Abdulrahman Al-Matary, Mushtaq Hussain, Ahmed Nahari, Jaffar Ali
Am J Case Rep 2012; 13:143-145
Background: Neonatal diabetes is a rare cause of hyperglycemia, affecting 1: 500,000 births, with persistent hyperglycemia occurring in the first months of life lasting more than 2 weeks and requiring insulin. This condition in infants less than 6 months of age is considered as permanent neonatal diabetes mellitus.
Case Report: A rare case of permanent neonatal diabetes mellitus presented with intrauterine growth retardation (IUGR; birth weight: 1460 grams; female), hyperglycemia, glycosuria, and mild dehydration, a normal Apgar score of 8 and 9 at 1 and 5 minutes, respectively. The parents, of consanguineous union, had no prior history of diabetes mellitus. Of their 4 children, the first child had a diagnosis similar to the patient (their last child). The patient was initially started on continuous infusion of insulin, and then switched to regular insulin subcutaneously, but response was sub-optimal. She was started on neutral protamine Hagedorn, following which her condition improved. She was discharged on neutral protamine Hagedorn with regular follow-up.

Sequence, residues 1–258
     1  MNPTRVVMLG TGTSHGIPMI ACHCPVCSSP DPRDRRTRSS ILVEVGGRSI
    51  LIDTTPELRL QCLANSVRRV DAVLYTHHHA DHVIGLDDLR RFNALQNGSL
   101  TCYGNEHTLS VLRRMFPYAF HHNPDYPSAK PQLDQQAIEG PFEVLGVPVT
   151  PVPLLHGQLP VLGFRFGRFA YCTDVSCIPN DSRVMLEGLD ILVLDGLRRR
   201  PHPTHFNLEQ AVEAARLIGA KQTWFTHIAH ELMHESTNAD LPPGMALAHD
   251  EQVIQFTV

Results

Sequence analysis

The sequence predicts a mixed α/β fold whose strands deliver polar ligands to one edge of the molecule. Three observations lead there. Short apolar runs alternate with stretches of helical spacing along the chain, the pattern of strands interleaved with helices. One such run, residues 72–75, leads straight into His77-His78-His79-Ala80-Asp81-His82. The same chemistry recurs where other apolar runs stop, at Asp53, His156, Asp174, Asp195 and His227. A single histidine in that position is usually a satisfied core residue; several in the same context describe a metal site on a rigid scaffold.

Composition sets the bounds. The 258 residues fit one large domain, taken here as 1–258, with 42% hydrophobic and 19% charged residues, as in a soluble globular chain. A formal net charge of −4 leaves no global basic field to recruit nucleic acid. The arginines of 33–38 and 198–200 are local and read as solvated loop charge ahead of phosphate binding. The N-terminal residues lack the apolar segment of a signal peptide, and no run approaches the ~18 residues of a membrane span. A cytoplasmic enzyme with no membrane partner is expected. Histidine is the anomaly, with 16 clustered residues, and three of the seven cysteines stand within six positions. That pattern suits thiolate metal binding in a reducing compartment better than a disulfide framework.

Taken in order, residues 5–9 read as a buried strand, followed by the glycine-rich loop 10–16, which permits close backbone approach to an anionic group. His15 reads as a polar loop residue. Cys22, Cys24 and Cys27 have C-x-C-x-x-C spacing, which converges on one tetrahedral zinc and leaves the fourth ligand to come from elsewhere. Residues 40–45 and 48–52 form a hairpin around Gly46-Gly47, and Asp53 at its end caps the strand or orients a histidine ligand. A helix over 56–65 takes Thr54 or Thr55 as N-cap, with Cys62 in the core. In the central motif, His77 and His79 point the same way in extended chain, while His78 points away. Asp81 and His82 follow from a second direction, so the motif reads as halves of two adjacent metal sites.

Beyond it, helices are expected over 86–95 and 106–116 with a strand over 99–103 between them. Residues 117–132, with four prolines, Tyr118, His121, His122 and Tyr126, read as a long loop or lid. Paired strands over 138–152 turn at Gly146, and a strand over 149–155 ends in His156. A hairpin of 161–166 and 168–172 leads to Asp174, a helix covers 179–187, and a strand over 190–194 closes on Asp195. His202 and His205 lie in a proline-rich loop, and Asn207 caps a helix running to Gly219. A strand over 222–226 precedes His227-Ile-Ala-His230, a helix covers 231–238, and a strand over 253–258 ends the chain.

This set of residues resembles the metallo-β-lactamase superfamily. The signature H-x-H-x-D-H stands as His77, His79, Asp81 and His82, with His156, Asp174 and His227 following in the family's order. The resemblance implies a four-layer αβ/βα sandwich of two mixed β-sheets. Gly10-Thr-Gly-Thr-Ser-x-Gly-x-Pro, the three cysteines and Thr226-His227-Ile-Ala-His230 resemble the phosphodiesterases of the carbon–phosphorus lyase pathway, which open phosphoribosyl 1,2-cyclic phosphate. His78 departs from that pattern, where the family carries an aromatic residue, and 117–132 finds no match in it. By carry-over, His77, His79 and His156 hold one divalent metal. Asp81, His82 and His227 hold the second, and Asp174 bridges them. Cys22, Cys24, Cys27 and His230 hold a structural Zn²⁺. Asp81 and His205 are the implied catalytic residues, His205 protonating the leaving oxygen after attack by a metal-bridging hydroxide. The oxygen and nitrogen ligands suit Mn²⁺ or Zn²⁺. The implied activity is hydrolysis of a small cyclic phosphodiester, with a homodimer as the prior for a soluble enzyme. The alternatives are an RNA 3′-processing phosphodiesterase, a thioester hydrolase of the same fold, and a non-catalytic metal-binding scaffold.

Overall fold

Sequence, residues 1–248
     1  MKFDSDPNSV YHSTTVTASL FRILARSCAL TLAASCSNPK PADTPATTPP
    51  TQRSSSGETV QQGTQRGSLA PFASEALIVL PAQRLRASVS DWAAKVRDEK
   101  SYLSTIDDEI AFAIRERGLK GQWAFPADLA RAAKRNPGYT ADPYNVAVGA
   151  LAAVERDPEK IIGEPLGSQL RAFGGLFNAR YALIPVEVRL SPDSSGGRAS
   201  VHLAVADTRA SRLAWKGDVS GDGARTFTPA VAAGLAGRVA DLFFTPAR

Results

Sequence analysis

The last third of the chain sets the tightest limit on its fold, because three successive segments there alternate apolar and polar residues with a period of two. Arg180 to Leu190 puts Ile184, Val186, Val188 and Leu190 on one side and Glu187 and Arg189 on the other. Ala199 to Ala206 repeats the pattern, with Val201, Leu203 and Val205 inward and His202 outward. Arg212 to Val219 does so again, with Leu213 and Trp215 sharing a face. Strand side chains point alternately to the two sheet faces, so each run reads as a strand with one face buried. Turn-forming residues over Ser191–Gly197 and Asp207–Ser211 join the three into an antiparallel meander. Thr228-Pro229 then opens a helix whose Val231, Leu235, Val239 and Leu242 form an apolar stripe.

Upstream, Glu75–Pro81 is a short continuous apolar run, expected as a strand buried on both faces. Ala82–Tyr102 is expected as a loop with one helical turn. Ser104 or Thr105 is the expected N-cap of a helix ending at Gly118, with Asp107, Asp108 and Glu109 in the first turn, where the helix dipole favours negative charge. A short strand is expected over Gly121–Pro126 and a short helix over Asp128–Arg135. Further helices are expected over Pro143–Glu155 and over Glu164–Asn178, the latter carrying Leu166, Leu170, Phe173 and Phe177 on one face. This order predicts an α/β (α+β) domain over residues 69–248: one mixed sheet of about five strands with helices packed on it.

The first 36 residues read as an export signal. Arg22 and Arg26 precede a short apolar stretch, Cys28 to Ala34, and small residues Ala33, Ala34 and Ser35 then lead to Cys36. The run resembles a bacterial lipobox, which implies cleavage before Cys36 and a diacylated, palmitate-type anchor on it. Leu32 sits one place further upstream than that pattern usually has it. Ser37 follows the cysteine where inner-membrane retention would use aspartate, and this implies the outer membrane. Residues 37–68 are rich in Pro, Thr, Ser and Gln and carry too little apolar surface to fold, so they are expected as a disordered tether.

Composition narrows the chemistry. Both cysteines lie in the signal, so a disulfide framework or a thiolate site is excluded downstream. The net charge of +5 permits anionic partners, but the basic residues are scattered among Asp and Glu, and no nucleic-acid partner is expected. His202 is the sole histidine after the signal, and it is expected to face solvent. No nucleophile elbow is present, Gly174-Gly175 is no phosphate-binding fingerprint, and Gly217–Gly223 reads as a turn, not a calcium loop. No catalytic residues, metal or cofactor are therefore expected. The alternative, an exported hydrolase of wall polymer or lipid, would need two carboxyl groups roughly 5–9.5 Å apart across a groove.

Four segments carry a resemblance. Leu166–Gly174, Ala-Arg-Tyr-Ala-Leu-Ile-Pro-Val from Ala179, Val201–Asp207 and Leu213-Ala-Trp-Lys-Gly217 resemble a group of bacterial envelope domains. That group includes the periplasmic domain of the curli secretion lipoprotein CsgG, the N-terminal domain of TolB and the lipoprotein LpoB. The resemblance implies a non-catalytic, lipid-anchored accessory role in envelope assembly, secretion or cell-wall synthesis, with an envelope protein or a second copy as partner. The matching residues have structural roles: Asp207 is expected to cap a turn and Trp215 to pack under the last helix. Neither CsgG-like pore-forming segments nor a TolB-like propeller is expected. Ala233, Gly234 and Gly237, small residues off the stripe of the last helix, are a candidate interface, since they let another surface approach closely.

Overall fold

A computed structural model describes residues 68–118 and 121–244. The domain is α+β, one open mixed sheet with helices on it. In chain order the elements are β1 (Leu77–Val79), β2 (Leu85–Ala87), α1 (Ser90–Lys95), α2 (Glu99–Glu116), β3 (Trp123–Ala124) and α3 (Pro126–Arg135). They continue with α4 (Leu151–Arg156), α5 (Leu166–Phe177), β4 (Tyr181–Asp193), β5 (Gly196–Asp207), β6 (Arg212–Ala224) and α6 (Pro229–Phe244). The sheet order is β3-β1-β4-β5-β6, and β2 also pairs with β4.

Conclusions: In view of widespread consanguinity in Saudi Arabia it appears prudent and pertinent to suspect permanent neonatal diabetes mellitus following diagnosis of hyperglycemia in small-for-age infants, especially those with positive family history of diabetes. Close blood glucose monitoring is essential as long as hyperglycemia persists. Prolong follow-up is imperative.
Keywords: neonatal, Insulin, Hyperglycemia, diabetes, Consanguinity, Neutral Protamine Hagedorn